Another point-of-sale (POS) malware attack hit Kmart last month, affecting an undisclosed number of stores and customers. This is the second breach in three years for the department store, but – as with the 2014 breach – no personal information has been compromised.
Kmart’s parent company, Sears Holdings, released a statement confirming that some of its 624 stores were “infected with a form of malware code that was undetectable by current anti-virus systems and application controls. Once aware of the malicious code, we quickly removed it and contained the event.”
Chip and PIN
Kmart released few other details of the breach, but according to Brian Krebs, who first reported the story, at least two financial industry sources have verified Kmart’s claim that the breach has not affected all its stores.
Krebs also reports that the extent of the breach looks to have been significantly reduced due to the company’s implementation of EMV technology. This is one major plus in what is otherwise another blow for the floundering department store.
Despite dwindling sales and locations closing across the country, Kmart invested in the wholesale implementation of EMV technology, which enables chip and PIN transactions in its stores. Chip-based cards are harder and more expensive to counterfeit than cards that store data on a magnetic stripe.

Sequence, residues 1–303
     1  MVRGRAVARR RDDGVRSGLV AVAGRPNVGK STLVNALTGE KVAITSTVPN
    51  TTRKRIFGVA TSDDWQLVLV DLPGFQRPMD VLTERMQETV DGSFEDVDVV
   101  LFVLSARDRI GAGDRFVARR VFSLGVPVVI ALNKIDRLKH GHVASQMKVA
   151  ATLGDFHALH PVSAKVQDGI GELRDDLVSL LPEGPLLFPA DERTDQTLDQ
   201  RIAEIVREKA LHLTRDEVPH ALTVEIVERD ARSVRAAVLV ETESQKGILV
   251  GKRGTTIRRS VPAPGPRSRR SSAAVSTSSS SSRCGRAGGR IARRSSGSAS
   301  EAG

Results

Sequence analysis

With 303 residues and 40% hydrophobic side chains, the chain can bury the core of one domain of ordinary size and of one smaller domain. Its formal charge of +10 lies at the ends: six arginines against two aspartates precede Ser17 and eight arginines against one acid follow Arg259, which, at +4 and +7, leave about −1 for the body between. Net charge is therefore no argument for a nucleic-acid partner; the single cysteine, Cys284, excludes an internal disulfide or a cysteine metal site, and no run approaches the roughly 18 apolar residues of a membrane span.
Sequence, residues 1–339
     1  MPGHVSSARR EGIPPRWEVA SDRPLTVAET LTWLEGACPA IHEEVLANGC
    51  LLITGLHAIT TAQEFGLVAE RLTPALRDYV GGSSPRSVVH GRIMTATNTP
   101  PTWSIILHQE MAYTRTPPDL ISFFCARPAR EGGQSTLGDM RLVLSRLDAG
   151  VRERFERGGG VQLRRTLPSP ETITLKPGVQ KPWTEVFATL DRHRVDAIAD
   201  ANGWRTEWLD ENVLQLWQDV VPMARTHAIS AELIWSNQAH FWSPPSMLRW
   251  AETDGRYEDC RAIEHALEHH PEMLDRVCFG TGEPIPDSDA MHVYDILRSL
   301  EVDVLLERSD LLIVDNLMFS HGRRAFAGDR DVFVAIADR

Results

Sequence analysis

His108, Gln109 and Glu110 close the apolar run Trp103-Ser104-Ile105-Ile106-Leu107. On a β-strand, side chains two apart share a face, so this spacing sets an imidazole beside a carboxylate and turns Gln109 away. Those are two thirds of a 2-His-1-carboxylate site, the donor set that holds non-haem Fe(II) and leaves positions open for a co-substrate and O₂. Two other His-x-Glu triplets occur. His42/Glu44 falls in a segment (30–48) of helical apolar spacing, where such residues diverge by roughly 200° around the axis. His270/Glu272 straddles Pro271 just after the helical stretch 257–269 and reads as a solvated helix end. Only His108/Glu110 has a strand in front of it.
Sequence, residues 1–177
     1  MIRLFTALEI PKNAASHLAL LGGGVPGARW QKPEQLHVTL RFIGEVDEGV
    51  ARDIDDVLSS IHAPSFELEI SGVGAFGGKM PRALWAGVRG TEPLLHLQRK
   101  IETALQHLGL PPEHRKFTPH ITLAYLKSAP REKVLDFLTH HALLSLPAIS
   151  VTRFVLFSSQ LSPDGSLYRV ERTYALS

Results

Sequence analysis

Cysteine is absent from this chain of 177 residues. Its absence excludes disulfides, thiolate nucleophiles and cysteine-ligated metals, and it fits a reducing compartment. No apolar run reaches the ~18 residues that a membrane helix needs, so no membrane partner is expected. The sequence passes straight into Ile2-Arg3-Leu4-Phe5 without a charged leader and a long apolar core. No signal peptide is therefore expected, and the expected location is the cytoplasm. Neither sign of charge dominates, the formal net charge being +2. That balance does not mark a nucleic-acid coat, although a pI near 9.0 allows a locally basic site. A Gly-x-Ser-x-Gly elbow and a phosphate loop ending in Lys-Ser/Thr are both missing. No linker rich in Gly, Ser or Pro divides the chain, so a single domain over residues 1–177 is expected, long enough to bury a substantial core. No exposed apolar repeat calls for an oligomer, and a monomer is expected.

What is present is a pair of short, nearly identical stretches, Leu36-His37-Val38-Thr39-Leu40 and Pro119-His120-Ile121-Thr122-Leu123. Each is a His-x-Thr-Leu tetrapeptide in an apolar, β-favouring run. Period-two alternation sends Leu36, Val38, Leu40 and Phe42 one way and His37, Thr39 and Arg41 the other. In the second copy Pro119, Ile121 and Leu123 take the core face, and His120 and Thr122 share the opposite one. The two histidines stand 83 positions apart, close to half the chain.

Any Kmart customer who made their purchase using chip and PIN cards is unlikely to have been affected and, as such, Kmart will surely feel that the cost of adopting this technology has been justified. This is in stark contrast to last month’s POS breach at Chipotle, for which the store was criticised for not implementing such measures.
Protecting your POS systems
Cyber criminals are successfully attacking POS systems with alarming regularity. The breaches at Kmart and Chipotle are only two recent examples, with fast-food outlets Arby’s and Shoney’s, restaurant chain Select Restaurants, and clothing store Brooks Brothers among those targeted this year. It’s therefore important for organisations to implement effective measures to control the risk of malware and other external threats. Ideally, this begins by creating a number of policies aligned to the PCI DSS.
Documenting your policies on these topics shows your commitment to protecting sensitive information, and it’s also a key requirement for PCI compliance.
To help you create or write these policies, IT Governance offers a PCI Documentation Toolkit. It provides PCI-compliant tools and enables you to quickly and easily create your documentation, so you can produce a robust system to protect your payment card data.